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Crime Stoppers Still 'Busy And Effective' After 35 Years

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Many times media reports about crime include the number for Crime Stoppers, 352-3040. People call with tips that police use to identify suspects or find people who are evading arrest.  

In its 35 years, Greater Cincinnati Crime Stoppers has paid out more than $2 million in reward money and helped solve 16,000 crimes.  

The head of the local chapter said his organization remains "busy and effective." Eugene Ferrara addressed City Council's Law and Public Safety Committee this week.  

He said it is important to remember the group is not about finding witnesses to testify in criminal cases.

"We're only looking for tips that are leads that the police can use to follow-up," Ferrara said. "And, with that, hopefully develop evidence and witnesses who will come forward and testify. We don't expect that our tipsters are going to come forward and testify because to do that, as I say, we would be giving up the anonymity, which is the bedrock of our whole program."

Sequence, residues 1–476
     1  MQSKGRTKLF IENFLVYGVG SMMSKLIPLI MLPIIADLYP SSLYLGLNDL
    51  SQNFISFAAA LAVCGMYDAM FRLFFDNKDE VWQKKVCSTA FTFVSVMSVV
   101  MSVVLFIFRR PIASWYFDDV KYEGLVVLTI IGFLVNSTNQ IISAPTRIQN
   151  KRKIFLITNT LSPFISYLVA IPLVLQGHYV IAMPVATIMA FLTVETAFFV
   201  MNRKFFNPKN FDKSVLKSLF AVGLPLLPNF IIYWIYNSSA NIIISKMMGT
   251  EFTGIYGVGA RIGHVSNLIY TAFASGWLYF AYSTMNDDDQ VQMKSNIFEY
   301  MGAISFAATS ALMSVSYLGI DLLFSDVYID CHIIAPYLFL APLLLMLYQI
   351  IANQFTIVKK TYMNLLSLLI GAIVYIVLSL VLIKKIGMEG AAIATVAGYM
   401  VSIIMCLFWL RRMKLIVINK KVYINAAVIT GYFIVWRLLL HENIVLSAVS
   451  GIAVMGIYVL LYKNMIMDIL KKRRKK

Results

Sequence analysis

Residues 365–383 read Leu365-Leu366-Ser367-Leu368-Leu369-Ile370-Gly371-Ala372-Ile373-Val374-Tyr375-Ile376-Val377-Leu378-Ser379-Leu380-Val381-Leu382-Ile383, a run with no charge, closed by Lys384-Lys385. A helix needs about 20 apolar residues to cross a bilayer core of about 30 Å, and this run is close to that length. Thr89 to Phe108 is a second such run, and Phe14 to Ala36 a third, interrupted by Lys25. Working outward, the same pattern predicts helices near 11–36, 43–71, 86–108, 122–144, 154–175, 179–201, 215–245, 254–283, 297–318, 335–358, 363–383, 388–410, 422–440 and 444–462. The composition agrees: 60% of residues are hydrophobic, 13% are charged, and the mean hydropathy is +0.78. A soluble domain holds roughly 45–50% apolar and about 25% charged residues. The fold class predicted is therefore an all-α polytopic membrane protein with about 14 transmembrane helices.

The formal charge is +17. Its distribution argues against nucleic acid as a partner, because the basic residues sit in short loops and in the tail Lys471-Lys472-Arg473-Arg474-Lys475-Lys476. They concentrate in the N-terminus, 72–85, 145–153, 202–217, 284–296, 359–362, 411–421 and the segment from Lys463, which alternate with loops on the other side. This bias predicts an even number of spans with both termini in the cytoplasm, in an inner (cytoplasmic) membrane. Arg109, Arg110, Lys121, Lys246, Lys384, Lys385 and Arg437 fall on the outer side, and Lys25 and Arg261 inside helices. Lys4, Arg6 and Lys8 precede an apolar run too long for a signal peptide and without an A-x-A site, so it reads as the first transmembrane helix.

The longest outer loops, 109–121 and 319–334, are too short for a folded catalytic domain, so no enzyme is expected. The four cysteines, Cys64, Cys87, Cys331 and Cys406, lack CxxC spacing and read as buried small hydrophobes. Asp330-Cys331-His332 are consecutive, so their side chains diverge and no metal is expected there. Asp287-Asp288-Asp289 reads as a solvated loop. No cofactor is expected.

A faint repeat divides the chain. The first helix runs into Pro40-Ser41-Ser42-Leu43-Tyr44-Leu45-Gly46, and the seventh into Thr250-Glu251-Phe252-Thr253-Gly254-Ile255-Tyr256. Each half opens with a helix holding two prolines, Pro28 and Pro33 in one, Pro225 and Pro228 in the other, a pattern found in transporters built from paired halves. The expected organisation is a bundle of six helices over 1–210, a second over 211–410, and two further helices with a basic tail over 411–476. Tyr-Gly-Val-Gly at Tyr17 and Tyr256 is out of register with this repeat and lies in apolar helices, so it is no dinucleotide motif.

The amount of reward money from Crime Stoppers depends on the quality of the tip. In some cases, the group will pay $2,500 for a tip that leads to an arrest in a homicide case.  

People who call with tips are given a tipster number and collect a reward if the information leads to an arrest. The group meets tipsters in neutral locations with payments and no questions asked.

Ferrara said many times people ask why doesn't the group increase the reward amounts.

"While I personally feel for people who are victims of crimes and I feel for families whose members were victims of homicide, we have to try to sustain the program," Ferrara said. "And we need to make sure that we protect the program. And some of these things that people would like to do, that even I might personally like to do, creates some issues of risk to us and to our program."

On average, Crime Stoppers pays out about $8,000 a month in reward payments. Ferrara said the group raises more than $100,000 a year in donations.